World Resources: The United States is self-sufficient in most grades of talc and related minerals. Domestic and world resources are estimated to be approximately five times the quantity of reserves.

Substitutes: Substitutes for talc include bentonite, chlorite, kaolin, and pyrophyllite in ceramics; chlorite, kaolin, and mica in paint; calcium carbonate and kaolin in paper; bentonite, kaolin, mica, and wollastonite in plastics; and kaolin and mica in rubber.
The total estimated use of talc in the United States, including imported talc, was plastics, 27%; ceramics, 18%; paint, 16%; paper, 15%; roofing, 6%; cosmetics, 5%; rubber, 3%; and other, 10%. One company in North Carolina mined pyrophyllite.


Wollastonite
Wollastonite is formed through the metamorphism of rocks containing silica and calcium. Major producing areas of high-quality wollastonite include the Adirondack Mountains of upstate New York in the United States, southeastern Finland, several provinces in China and India, and Russia.

Wollastonite serves as a flux for welding, a source for calcium oxide, a slag conditioner, and to protect the surface of molten metal during the continuous casting of steel. As an additive in paint, it improves the durability of the paint film, acts as a pH buffer, improves its resistance to weathering, reduces gloss, reduces pigment consumption, and acts as a flatting and suspending agent. In plastics, wollastonite improves tensile and flexural strength, reduces resin consumption, and improves thermal and dimensional stability at elevated temperatures.

Garnet
Garnet is associated with some wollastonite deposits, including one at Willsboro, New York. In the same area of the state, a large-scale hard-rock garnet mine is in operation. Elsewhere in the United States, although there are hard-rock garnet deposits in Maine and Nevada, the most important commercially are placer deposits in Idaho. Garnet is also produced as a by-product of mineral sand operations in Western Australia, India, and Sri Lanka.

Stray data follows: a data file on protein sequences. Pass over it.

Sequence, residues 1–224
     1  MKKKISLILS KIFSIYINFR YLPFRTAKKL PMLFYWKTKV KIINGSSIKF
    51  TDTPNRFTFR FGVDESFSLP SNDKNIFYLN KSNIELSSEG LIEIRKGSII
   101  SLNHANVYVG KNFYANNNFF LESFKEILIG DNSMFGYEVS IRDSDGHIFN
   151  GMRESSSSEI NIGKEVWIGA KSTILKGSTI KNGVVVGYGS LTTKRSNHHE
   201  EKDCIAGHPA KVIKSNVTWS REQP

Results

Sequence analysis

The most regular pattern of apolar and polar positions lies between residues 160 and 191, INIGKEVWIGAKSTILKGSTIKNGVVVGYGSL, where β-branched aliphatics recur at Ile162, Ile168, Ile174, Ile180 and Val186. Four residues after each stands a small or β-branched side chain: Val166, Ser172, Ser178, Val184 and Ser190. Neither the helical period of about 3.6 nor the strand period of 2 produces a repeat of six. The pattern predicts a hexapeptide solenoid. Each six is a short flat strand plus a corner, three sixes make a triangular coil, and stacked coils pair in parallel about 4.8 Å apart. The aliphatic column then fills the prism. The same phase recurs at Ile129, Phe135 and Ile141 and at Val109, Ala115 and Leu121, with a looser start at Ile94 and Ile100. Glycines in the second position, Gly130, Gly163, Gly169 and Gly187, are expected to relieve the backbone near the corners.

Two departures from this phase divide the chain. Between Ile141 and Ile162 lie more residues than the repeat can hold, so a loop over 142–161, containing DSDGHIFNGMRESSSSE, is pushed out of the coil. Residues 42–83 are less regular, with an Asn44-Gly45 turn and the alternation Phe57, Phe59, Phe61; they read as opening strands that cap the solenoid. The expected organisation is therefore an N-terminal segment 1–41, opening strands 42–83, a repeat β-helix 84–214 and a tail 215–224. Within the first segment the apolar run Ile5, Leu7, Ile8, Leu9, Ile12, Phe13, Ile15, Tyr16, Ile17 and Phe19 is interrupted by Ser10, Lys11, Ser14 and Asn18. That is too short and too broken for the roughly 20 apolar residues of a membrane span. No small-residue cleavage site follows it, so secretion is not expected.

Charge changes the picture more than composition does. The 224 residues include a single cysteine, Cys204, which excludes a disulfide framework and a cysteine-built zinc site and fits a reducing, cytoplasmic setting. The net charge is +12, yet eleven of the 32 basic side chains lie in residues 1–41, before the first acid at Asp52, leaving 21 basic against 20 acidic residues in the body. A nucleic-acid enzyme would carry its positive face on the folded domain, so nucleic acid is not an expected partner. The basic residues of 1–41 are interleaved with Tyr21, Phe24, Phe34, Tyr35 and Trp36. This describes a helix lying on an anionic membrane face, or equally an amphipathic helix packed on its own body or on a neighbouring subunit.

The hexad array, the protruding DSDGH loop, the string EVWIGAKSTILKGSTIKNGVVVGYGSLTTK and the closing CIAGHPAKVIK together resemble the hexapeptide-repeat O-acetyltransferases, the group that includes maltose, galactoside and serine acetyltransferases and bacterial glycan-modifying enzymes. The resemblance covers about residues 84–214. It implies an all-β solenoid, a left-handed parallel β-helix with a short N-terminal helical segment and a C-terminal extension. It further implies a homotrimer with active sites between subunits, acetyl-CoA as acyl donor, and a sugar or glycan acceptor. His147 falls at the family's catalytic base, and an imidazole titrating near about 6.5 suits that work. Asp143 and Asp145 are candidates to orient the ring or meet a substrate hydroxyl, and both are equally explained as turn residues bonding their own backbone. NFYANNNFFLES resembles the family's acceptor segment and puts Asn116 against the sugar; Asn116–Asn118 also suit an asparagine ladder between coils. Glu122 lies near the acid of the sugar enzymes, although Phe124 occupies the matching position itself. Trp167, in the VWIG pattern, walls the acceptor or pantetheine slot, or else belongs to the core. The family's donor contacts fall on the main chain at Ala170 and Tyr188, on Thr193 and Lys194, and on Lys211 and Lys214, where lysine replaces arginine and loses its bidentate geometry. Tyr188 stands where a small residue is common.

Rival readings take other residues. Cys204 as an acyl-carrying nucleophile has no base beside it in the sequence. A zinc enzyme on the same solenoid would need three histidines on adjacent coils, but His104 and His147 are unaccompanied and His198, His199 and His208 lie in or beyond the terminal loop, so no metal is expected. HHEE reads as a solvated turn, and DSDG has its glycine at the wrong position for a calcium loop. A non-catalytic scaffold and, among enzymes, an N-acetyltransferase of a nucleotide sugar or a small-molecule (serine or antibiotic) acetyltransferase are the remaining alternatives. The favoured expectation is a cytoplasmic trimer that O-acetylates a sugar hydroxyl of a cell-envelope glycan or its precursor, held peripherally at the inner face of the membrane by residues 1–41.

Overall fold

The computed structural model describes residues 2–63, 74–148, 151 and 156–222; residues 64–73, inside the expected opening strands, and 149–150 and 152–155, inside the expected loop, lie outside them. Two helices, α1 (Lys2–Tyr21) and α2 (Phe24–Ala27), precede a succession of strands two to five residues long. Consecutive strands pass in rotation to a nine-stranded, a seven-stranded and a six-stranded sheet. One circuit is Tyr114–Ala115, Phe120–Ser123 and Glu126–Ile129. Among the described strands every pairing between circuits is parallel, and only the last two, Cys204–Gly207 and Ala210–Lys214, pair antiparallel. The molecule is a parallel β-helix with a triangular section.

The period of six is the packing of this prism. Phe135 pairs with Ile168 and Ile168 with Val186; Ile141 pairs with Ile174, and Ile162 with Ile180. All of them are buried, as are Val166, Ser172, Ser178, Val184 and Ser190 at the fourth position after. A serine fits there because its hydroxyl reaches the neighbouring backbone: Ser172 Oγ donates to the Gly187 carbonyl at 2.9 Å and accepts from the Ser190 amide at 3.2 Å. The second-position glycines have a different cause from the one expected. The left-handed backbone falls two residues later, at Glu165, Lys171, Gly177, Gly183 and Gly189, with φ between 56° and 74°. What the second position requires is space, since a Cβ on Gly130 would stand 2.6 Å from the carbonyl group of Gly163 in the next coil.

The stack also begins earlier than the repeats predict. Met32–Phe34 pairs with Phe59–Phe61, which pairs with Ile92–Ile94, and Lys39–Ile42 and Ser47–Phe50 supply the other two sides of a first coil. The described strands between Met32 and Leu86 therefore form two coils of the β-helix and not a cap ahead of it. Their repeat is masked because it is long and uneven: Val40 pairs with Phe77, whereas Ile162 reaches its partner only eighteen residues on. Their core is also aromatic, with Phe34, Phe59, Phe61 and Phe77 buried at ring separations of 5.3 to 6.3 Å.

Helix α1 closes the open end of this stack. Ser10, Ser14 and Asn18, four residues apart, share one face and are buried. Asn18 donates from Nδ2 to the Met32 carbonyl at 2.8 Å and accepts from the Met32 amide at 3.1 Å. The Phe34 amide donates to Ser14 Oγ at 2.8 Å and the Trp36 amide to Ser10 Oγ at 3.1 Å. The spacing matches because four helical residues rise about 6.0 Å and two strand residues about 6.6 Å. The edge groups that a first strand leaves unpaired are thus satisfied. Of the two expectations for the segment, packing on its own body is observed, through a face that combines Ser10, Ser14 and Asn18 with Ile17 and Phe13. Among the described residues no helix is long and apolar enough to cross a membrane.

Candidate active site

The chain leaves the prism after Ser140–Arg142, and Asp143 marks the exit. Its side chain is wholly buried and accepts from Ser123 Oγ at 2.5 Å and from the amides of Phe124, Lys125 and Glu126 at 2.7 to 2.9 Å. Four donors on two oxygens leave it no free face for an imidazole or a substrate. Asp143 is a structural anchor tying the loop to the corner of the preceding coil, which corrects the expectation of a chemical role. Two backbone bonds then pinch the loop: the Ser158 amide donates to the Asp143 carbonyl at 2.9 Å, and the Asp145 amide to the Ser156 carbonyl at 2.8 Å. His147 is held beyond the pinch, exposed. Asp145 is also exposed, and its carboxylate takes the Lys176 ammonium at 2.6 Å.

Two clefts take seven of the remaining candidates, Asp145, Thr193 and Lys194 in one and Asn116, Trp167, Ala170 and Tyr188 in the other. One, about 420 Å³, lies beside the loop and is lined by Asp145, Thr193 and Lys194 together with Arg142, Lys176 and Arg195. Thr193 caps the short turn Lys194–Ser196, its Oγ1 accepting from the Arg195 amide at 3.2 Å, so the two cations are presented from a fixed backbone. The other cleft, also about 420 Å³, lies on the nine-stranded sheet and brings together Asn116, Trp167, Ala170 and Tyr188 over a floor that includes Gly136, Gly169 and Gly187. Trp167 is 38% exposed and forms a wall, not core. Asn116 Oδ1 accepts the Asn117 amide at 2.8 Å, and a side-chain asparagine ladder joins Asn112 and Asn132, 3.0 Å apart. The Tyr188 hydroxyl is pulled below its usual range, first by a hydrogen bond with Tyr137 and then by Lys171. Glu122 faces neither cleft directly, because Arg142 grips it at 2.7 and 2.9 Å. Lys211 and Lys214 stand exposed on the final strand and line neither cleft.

Mining methods for the extraction of garnet vary depending on the geologic environments responsible for the host rock. At hard-rock locations, such as the Barton mine in northern New York, open-pit methods have been employed for decades. In China, hard-rock mining may consist of more primitive methods including hand mining.
Garnets are extracted and processed more easily from alluvial deposits. For example, at the Emerald Creek mine in Idaho, garnet is recovered from stream gravels from slots cut by backhoes or small draglines. These gravels are passed through a trammel to reject the oversize, and garnet is concentrated on large wet-jigging tables. The garnet is then shipped to the mill for final processing and packaging.
 Beach deposits, such as those mined in Western Australia and in southern India, lend themselves to low-cost earth-moving techniques using scrapers and bulldozers to cut and excavate benches parallel to the trend of the beach and/or bar deposit. Because manual labor remains central to the operator’s community responsibility in India, mechanized mining provides only a portion of the mine activity there.
In general, processing involves separation of the heavier garnet from lighter gangue minerals and the further separation of garnet into discrete size classes designed to meet the needs of specific markets. Following crushing (which is determined by the nature of the specific deposit or the market served), ores typically are washed to segregate material by specific gravity. Most operators employ traditional spiral classifiers for this step, some in conjunction with hydrosizers. At least one company uses flotation methods for the separation of garnet from heavy nonmagnetic fractions. Concentrates are dried and then sorted by both high-intensity magnetic and electrostatic separators.